Since they originate from a tropical climate, Euphorbias prefer moist environments. If you live in a dry area, you can assist with their water intake by grouping your plants together.
You can also mist them daily (in addition to regular watering) or place them in humid rooms like bathrooms or basements. If your plant is outside, move it into shade during hot months of summer or if there’s no breeze. Remember that too much humidity can be harmful as well, so don’t overdo it!
The ideal humidity range is 40-60%. If you feel the need to raise the humidity level of your home, install an ultrasonic mister. When using a space heater indoors, try placing one near your potted euphorbias so that they are close enough for some added warmth but not getting scorched by the heat.
If your succulent is not growing as it should, you may need to prune it. When you prune a succulent that has been growing for more than one year, it’s important to remember not to remove more than a third of its stems or roots at once.
Trim back some of its oldest stems using sharp scissors and leave about two-thirds of them intact. Because these are older growths, they are stronger and can better withstand losing parts without becoming overly stressed by it.
It’s also wise to keep in mind the plant’s general shape when deciding which branches to cut off while avoiding any leafy new growths near the bottom if you want the plant to remain low-growing.
If your Euphorbia dregeana is small enough, you can clip off an entire shoot with just a pair of fingernail clippers and gently shake the leaves off it before planting it again in the soil.
The same thing applies to removing a large piece from the middle of the plant, first, take out a large branch (one-third) and then trim away smaller ones around it so that there is still plenty of foliage left.
When to repot
Repot your Euphorbia dregeana in spring before new growth emerges, or when roots fill the pot. Larger containers need to be re-potted more frequently. Check for adequate drainage by placing a few rocks at bottom of the container and checking if they get wet after watering.
If so, repot in a container just large enough for plant roots to fit snugly with a little room for air circulation, that is, no more than 2 inches from the sides of the container. Water frequently until established.
As the weather gets hotter and waterless. Feed monthly during the growing season with a liquid fertilizer diluted to half strength. In winter, feed every 6 weeks.
Fertilize sparingly during the fall months because the plant enters its dormant phase as it prepares for dormancy through the winter months of November through February (USDA zone 9).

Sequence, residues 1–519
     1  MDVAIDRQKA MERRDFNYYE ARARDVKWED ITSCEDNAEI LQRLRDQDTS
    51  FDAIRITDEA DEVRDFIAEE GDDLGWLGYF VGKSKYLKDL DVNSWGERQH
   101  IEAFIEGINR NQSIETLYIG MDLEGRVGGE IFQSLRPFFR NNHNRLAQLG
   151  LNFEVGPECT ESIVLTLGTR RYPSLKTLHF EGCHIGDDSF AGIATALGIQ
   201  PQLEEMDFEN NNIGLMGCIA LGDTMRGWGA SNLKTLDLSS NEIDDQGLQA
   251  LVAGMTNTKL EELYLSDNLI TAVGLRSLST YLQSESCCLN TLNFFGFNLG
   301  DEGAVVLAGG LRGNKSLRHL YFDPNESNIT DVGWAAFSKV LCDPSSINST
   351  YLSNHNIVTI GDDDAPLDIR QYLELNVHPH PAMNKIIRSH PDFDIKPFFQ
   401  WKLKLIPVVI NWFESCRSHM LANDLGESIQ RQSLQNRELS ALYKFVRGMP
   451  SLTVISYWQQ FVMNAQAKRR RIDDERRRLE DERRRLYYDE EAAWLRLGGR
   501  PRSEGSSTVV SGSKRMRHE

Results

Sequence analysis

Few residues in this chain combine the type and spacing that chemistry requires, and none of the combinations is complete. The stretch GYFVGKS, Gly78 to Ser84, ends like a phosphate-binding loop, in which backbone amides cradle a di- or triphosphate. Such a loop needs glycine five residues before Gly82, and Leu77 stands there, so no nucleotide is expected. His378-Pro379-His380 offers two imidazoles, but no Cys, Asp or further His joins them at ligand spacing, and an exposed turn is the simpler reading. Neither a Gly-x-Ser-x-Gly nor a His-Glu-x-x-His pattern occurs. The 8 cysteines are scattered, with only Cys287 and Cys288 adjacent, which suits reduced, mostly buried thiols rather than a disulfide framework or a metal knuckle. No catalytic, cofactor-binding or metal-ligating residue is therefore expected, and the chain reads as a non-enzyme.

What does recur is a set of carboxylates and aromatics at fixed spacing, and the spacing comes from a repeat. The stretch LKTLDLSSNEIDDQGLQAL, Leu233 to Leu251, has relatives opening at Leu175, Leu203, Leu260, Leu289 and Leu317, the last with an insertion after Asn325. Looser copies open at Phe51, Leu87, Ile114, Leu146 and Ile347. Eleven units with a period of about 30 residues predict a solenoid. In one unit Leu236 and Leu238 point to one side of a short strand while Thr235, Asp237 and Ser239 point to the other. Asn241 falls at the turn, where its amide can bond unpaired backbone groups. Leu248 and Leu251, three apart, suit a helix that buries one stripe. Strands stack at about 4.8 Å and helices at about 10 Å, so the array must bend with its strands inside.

During the winter months, Euphorbia dregeana plants are dormant. So don’t be alarmed if your plant looks like it is going to die. It’s not! It is just changing its cycle to survive colder temperatures. Your Euphorbia dregeana will not lose all of its leaves during dormancy.
You can cut back on watering so that the soil dries out between waterings. In the springtime, resume watering normally and fertilize with a slow-release fertilizer according to package instructions.
If you live in an area with cool winters, you may need to move your euphorbia indoors for the winter. If you have an extra room or basement that isn’t too cold (60°F), try placing it there for the duration of the winter season as long as there is good light available.
Euphorbia dregeana flower & fragrance
Euphorbia dregeana produces tiny yellow-green flowers that are not much to look at, but they give off a sweet fragrance that can attract bees.
Euphorbia dregeana is relatively slow-growing. Small plants can be kept indoors year-round in a shallow pot but will require repotting every 1-2 years as they outgrow their space. When planted outdoors, start with small transplants to allow room for growth.
Euphorbias dregeana is toxic to most animals, including dogs, cats, birds, horses, cattle, sheep, and goats. You’ll have to carefully consider where you plant it if you have livestock or pets.
USDA hardiness zones
Euphorbia dregeana thrives in USDA hardiness zones 8-11. In colder climates, grow it as a houseplant or in a large container to allow the soil to warm up. Grow the plant indoors near a window with filtered light.
If the plant begins to wilt, it may be due to overwatering or underwatering. Let the soil dry out before watering again.
Pests and diseases
Because of its succulent nature, Euphorbia dregeana is susceptible to pests like spider mites. If you see any webs on your plant or bugs crawling over it, spray with insecticidal soap or a water-and-soap mixture.
Keep up with these sprays throughout the summer months; spider mites can kill your plant if left untreated. Another common disease of the euphorbia is root rot from overwatering.
Avoid this by only watering once every couple of weeks and by using soil that drains well, such as cactus mix. When growing in containers make sure the pot has enough room for the roots to grow without getting cramped.